Traditionally the construction industry has been slow to change, yet recently a series of initiatives are influencing the way construction design decisions are made. Initiatives that are pushing for changes in construction methods and innovation in the construction supply chain. These changes will influence the construction decision making unit; Client, Architect, Engineer, Main Contractor, Specialist Contractor, as well as the construction product specification, which defines how the construction project will be completed. This in turn will impact on the way that building product manufacturers need to market their products. In this blog I provide a summary of the changing specifier influences.

Construction Client Attitudes are changing Towards Lifetime Value of Buildings

Forward looking Clients are recognising the important factor is not the capital cost of a building but the operating costs and hence lifetime value of the building. Very often savings in capital costs will have implications for operating costs. For example heating systems with a lower purchase cost will invariably have higher running costs, or require more frequent maintenance. These are costs which, over the life of the building, can far exceed the original purchase cost. This does not just apply to operating plant, many lower cost products have shorter operating lives. It is not just these basic maintenance costs but also how building components contribute to the function of the building.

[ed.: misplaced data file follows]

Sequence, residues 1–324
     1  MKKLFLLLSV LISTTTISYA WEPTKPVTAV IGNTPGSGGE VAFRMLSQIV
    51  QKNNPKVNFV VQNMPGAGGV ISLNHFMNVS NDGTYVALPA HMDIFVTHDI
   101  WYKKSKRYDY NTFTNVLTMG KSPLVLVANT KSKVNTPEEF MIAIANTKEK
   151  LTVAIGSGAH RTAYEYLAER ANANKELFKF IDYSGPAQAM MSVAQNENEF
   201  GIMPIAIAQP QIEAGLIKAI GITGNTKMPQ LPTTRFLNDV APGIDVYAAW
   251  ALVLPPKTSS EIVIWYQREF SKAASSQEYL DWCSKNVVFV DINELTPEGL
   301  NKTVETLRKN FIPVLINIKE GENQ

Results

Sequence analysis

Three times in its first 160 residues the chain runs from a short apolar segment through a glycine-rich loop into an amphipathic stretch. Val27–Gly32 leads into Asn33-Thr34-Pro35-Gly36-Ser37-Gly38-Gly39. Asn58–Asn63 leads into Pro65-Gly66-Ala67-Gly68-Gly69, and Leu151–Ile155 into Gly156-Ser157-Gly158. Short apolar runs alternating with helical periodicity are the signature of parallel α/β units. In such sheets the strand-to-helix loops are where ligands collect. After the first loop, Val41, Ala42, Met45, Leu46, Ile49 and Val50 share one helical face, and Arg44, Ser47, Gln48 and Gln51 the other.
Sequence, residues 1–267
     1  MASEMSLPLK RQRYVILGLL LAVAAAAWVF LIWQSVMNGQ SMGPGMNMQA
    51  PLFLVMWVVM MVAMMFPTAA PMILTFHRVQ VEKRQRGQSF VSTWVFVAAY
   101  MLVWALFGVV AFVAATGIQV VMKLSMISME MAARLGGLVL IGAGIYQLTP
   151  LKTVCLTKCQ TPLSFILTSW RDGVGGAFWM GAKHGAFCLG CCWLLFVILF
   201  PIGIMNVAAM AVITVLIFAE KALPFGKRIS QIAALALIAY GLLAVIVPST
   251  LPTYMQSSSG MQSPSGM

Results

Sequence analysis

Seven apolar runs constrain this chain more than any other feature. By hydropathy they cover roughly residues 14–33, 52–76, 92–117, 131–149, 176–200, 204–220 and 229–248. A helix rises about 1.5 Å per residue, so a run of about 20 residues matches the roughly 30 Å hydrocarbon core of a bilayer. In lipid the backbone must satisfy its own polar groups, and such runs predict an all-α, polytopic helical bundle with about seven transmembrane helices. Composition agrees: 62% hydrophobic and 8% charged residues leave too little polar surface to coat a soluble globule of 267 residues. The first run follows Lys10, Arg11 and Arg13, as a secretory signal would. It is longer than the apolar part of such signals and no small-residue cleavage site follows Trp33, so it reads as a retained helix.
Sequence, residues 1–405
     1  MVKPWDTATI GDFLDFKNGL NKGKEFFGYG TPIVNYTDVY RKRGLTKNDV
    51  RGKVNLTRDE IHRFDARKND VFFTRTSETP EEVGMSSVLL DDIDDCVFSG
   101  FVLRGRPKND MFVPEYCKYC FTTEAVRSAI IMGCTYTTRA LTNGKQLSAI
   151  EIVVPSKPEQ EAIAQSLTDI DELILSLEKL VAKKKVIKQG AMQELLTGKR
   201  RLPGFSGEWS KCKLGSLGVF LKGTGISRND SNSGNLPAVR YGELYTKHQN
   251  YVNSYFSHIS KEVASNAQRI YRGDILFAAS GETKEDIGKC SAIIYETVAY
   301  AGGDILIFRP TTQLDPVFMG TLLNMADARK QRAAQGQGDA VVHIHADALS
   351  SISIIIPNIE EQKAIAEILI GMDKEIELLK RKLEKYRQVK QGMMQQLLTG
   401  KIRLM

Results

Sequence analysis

The concept of health & wellbeing is also being grasped by many Clients. In its simplest form, this is the idea that the building’s environment, in particular levels of light, noise and temperature can impact on the productivity of the workers, or in the case of retail the levels of customer spend. Staff costs are often the largest cost for a building occupant, so spending money on the building in ways which can improve productivity, even by a few percent, is a good investment.